»Since the end of the Cold War in the early 1990s, digital surveillance and state-of-the-art military technologies have played an increasing role in the perception of warfare and the experience of security for citizens across Europe1. From the introduction of the smart bomb and the stealth fighter jet during the first Gulf War, to the deployment of Predator drones and the exponential spread of CCTV surveillance over the last decade, the perceived role of digital technologies in warfare and domestic security has been on par with the increasing integration of consumer technologies in people’s everyday lives. At the same time, the presence and media representation of firearms in public space in Europe by state organs as well as terrorist factions declined in most places between the mid-1990s and the early 2010s2.

However, in recent years, people’s willingness to rely on high-tech solutions to provide public security has declined in large parts of society, both as a means of ‘just’ warfare abroad (e.g. drones and smart bombs)3 and to adequately protect public space at home (CCTV surveillance, big data analysis)4. Heavily armed police officers and soldiers have returned to the streets of Brussels, Paris and London, while news media have increasingly featured volunteer militias equipped with Soviet-era weapons who are training for – and participating in – conventional war scenarios in Ukraine, Poland and the Baltic states5. Meanwhile, consumer electronics have now become integrated in almost all areas of life. Moreover, state-of-the-art computer games feature increasingly realistic representations of armed violence, and consumer-grade VR technologies have been introduced in military training, as well as army recruitment in civilian society6.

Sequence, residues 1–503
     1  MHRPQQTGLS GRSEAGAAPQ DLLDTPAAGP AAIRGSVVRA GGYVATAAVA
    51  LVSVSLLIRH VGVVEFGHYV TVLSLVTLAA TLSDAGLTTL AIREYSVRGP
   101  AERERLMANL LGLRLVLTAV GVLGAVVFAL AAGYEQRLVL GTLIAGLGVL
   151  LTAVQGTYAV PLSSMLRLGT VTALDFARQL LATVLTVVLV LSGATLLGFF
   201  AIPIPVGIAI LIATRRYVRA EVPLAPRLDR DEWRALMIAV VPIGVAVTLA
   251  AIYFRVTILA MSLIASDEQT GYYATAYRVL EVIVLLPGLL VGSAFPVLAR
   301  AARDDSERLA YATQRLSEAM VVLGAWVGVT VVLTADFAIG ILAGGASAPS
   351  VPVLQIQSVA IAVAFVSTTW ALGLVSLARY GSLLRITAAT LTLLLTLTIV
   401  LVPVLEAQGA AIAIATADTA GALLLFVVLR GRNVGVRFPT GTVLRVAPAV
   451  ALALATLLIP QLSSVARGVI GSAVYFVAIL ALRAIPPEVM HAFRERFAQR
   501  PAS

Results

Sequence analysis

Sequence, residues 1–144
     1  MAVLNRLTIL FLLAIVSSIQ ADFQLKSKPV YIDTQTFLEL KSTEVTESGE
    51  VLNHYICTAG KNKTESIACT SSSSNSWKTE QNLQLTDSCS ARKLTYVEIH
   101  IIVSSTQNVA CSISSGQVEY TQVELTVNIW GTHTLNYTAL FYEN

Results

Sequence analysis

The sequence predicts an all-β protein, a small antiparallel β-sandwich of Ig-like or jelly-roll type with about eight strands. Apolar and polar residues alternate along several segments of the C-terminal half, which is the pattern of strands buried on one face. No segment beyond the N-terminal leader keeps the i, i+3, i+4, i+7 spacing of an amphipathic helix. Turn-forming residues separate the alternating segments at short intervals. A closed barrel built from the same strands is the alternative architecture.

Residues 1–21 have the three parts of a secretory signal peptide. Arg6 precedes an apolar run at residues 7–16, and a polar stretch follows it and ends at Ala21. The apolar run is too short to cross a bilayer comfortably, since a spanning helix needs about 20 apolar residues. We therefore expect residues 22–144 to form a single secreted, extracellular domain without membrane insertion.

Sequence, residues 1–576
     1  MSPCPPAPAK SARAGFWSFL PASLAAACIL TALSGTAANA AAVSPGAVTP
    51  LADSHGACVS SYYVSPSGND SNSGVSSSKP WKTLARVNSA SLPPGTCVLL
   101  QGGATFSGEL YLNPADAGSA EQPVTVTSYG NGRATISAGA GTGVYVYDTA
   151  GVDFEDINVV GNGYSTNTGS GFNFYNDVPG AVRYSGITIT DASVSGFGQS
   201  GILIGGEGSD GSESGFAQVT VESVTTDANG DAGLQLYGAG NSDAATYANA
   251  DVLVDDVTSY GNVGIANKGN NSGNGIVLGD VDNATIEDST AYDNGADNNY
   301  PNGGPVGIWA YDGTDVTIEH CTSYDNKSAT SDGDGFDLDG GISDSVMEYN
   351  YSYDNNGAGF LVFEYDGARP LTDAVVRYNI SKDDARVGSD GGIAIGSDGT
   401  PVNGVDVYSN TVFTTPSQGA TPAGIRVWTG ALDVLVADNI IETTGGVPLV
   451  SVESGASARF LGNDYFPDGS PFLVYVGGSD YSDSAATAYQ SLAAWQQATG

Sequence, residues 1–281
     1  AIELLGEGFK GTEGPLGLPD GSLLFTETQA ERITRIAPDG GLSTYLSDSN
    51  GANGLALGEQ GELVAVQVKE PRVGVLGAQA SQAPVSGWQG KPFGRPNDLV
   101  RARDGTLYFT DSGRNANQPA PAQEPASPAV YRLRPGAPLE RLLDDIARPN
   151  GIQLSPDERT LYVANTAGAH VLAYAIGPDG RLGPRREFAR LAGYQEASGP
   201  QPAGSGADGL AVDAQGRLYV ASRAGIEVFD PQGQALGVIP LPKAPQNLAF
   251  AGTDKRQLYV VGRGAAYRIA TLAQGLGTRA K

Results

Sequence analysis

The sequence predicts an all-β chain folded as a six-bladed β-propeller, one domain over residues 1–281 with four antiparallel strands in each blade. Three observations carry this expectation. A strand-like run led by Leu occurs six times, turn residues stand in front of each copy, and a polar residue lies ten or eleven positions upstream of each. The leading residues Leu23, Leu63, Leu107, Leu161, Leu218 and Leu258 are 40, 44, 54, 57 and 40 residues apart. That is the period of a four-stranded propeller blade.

This recent development in the role of firearms in digital culture raises several issues. Firstly, the renewed acceptance of firearms as a symbol of power and strength in public space may reinforce traditional concepts of physical strength that are linked to problematic, risk-promoting expressions of masculinity.7 Secondly, the revival of firearms and the coinciding decline in confidence in high-tech security suggests the emergence of new forms of techno-critical sentiments in society. This is both a challenge and an opportunity to develop new approaches in the representation of technologies in relation to violence in the context of education and scholarship, as well as news media. Thirdly, the current willingness among policy makers to deploy armed personnel on the streets may well be counterproductive and lead to increased public anxiety8. The backgrounds and implications of firearm practices in relation to digital culture need to be unpacked in order to facilitate timely, reflective responses to these policies, which presently often seem driven by ‘common-sense’ and impulsive-thought rather than careful analysis.«